I know what you're going to do with all of those vegetables your gardening friends have been piling on you for the past several weeks: make ratatouille (or at least something like it). A friend who is a chef showed me this method, which has the benefits of being ridiculously easy and making vegetables that no normal person would like (eggplant, squash, etc.) tasty. Here's what you'll need to get started, in order of appearance:

—1 medium onion, diced

—Several cloves of garlic, minced

—The following vegetables, cut into 3/4-1 inch cubes: eggplant, yellow squash, zucchini

—One bell pepper, cut into bite-size pieces

Add the onion to a heavy skillet (I like cast iron) with a sufficient amount of olive oil (remember all of the other stuff to come, so don't get stingy with the oil) over medium, medium-high heat and cook until it's soft and translucent, with a pinch of salt thrown in for good measure. Then add the garlic and cook until you can smell it, which shouldn't take more than half a minute or so.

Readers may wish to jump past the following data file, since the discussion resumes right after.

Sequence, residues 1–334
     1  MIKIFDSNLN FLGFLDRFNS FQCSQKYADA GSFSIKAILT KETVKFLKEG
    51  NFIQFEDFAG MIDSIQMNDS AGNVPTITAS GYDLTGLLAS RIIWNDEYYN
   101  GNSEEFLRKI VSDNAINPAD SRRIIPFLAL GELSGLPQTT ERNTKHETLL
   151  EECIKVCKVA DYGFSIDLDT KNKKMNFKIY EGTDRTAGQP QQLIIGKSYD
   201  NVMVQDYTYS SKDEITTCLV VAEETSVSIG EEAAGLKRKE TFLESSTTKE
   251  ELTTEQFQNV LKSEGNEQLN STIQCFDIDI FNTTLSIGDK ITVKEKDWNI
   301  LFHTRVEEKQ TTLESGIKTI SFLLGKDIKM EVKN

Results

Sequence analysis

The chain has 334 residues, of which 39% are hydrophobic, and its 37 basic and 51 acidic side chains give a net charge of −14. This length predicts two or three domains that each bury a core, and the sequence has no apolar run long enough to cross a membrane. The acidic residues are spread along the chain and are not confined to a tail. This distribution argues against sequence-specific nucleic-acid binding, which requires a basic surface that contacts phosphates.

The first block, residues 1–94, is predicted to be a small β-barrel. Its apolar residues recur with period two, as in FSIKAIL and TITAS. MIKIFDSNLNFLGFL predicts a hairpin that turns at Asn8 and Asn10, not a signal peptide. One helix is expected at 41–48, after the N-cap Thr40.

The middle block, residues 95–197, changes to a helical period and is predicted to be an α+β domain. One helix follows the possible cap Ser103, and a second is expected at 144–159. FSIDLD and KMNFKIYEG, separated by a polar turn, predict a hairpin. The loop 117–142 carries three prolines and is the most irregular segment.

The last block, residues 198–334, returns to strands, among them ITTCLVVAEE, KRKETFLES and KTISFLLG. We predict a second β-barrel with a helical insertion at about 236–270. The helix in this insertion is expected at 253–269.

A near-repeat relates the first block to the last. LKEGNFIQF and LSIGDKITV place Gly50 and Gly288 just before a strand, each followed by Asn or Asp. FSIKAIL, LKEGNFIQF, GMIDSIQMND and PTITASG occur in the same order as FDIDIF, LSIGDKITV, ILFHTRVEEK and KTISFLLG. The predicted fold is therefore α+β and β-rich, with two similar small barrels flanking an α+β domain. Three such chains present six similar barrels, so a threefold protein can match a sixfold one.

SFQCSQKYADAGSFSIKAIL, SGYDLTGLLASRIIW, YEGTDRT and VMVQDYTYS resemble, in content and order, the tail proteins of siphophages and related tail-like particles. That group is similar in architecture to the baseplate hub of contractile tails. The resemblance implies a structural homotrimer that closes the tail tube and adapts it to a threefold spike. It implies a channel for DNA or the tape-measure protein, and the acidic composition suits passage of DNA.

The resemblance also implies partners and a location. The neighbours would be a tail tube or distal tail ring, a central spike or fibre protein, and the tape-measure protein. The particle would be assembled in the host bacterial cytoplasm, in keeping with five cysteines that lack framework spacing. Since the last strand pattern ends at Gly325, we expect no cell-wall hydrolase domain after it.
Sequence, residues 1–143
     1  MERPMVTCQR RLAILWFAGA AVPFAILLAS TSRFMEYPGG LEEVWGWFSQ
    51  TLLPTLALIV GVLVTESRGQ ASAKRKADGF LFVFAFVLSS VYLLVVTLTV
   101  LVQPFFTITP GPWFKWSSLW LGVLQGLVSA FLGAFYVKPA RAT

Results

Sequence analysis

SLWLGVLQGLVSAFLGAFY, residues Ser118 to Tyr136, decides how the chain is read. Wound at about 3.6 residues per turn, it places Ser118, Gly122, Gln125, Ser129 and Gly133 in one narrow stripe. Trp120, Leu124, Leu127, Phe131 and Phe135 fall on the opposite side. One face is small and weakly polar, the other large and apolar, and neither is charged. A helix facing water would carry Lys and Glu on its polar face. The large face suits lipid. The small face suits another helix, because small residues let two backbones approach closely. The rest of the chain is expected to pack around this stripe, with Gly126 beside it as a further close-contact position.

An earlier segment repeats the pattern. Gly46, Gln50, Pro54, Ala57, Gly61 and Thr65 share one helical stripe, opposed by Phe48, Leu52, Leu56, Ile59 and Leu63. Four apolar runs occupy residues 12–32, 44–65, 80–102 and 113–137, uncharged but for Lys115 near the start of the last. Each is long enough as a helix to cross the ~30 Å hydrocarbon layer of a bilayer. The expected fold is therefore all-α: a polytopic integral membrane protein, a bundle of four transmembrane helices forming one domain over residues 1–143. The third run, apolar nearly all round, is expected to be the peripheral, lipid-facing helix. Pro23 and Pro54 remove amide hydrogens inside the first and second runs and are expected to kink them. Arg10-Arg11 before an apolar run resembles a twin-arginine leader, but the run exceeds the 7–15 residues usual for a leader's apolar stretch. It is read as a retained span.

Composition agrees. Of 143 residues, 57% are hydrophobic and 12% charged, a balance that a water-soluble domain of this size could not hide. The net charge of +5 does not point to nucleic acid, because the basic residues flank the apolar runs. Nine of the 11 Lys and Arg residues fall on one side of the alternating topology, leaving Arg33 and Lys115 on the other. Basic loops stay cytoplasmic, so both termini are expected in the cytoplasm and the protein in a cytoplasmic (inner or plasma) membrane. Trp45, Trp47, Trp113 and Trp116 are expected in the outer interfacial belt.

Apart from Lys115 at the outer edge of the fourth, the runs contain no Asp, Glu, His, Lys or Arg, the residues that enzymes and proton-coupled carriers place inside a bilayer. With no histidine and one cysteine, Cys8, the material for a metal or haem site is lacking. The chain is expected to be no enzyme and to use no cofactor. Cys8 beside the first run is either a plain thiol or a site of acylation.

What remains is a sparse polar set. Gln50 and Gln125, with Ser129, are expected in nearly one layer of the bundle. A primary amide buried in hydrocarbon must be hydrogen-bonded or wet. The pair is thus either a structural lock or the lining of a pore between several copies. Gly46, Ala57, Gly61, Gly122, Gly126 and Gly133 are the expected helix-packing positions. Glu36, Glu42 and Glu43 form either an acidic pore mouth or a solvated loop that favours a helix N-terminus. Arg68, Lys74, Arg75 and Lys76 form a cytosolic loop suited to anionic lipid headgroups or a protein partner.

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At this point, start adding the vegetables in descending order of hardness. I usually start with the squash, cook it for a few minutes until it's softened, then add the zucchini, then the eggplant, and then the pepper (which is technically harder than the eggplant, but it's thinner and cooks fast). At each step, add some salt to the new additions.

When all of your vegetables are cooked through and softened, it's time for some tomatoes and herbs. Or, if you want an easier route, pour in a small jar of good pasta sauce (this dish doesn't cost a lot, so you can afford to get something better than Ragu), which consists largely of tomatoes and herbs. If you want to throw in some extra fresh basil, that would be nice, and a bunch of cracked black pepper would also work.

Once the sauce comes up to a simmer, you're done—you have a perfectly tasty side dish or topping for pasta or polenta. Or, if you wanted to gild the lily a bit, you can pour it into a baking dish, top with some cheese (mozzarella and/or parmesan) and broil it for a few minutes until it's nice and browned on top. That's a good thing. You should do that.